Professor Spotlight: Dr. Seth Finkle

Photo courtesy of Seth Finkle

Photo courtesy of Seth Finkle

Dr. Seth Finkle is an adjunct professor at Moravian University in the psychology department. He earned his B.A. from Tufts University, double-majoring in psychology and music. He then earned his M.A. and Psy.D. from Widener University in clinical psychology, with a concentration in school psychology.

What inspired you to go into your field of study? 

I’ve had an interest in the human mind for as long as I can remember. How our memory works, how personalities are formed, how our conscious experiences are assembled from bits of sensory input– I’ve been fascinated by this stuff since I was a young child. Also, I was a sensitive, anxious kid and I often took comfort from helping others, so a field that combined powerful insights about the mind and a chance to be of service to other people as a clinician? For me, that decision was a no-brainer (so to speak).

What projects are you currently working on?

I’m employed full-time as a clinical and school psychologist in addition to teaching at Moravian, so there’s always a lot going on in my professional life! Over the past year, I’ve been asked by a number of people to be a guest on podcasts and a speaker at several virtual events, including a few coming up. And I’m exploring the possibilities of reopening a small private practice.

What do you think is the most important recent development in your field of study? 

As a clinical psychologist, the past year has highlighted the vital importance of mental health services. Misunderstanding the nature of mental illness has led to famously tragic outcomes for a number of individuals, and the growing mental health needs of our society are outstripping the available pool of treatment resources. The need for mental health clinicians is greater than ever.

While wearing my school psychologist hat, I’m paying close attention to the vast, sudden changes to our education systems, from early childhood right up through higher education. New technologies and innovative teaching strategies are being shared daily, and frankly, I’m excited to be a part of it. Nevertheless, I’m also very aware that these are relatively uncharted waters and I’m deeply concerned about the students (and parents and teachers) who are struggling to keep up. The next several years will be bringing lots of insight about how we learn, along with better tools for students and teachers.

What job would you have if you couldn’t be a professor, regardless of salary and job outcome? Why? 

One of the advantages of my current professional life is that I’d be able to continue to work as a psychologist, regardless of whether I’m a college instructor. If I couldn’t be a psychologist any longer, though, I’d probably become a music producer. I’ve been a musician for well over 30 years and I maintain a small home studio, where I record some of my own work and occasionally help out friends with their music projects. Psychology is my heart, but music is my soul.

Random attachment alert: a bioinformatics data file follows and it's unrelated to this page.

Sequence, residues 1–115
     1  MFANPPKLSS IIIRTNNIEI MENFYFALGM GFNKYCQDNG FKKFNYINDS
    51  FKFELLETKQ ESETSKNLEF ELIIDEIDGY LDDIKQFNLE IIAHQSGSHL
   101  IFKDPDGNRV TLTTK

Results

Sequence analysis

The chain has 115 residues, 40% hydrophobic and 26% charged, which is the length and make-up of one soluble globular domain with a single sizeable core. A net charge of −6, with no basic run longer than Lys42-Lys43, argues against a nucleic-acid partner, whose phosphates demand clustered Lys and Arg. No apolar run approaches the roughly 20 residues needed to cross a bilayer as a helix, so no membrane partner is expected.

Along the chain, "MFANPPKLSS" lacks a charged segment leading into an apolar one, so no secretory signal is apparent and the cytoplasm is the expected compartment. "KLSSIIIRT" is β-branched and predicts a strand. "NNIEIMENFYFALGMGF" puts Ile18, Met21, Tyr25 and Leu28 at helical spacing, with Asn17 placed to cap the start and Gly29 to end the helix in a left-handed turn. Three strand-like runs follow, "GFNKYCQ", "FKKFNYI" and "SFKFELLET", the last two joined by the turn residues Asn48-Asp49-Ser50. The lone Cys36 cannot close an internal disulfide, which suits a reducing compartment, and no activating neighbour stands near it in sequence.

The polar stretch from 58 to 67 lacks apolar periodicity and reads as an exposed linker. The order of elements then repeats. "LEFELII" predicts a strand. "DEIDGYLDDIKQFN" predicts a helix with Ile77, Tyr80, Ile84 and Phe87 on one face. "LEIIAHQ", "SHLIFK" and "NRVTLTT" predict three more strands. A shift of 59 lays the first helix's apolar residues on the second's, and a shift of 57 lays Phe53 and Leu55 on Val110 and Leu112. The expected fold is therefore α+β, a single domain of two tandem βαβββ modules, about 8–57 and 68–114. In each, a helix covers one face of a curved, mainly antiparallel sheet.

What do you know now that you wished you knew when you were in college? 

Don’t let your own anxieties, indecision, and self-doubt stand in your way. Life is shorter and more fragile than you realize, and you often don’t get a second chance for a do-over. Plan and prepare, sure. But don’t keep standing on the side of the pool. The only way it gets less scary is when you just close your eyes and jump in the water. Our insecurity lies to us. Trust yourself, take a deep breath, and go for it.

What is your biggest student pet peeve? 

I‘m not sure I have one! I have the luxury of teaching only a couple of courses each semester, which allows me to appreciate and enjoy my students without having to deal with those pesky peeves very often.

What was the last streaming show that you binge-watched or the last good book that you read?  

I just finished WandaVision, which I really enjoyed, although it took a few episodes to figure out what was happening. I’m usually reading several books at once; right now, I’m in the middle of Louise Penny’s Inspector Gamache series, Colin Cotterill’s Dr. Siri Paiboun series, Andrea Camilleri’s Inspector Montalbano series, and the Fox & O’Hare series by Janet Evanovich and Lee Goldberg. All are excellent.

What is something interesting about you that most people don’t know? 

I have 33 teeth, which I’m told is rather unusual. The fact that they all fit in my face perhaps indicates that I have a rather big mouth. That checks out, I think.

What animal do you relate to the most and why? 

While I really enjoy dogs, I’m probably more like a cat. I’m an introvert who enjoys people on my own terms. I’m quite independent. And I tend to knock things off of tables.

Have you picked up any new hobbies over the COVID-19 pandemic? If so, what hobbies?  

For a full year now, I’ve been posting daily questions (much like these!) on social media and really enjoying the ensuing responses and conversations. I’ve been playing RPGs and board games more frequently with friends and family. I’ve begun brewing my own kombucha. And I’ve been reconnecting with lots of old friends by phone and email and Zoom, which has been truly lovely.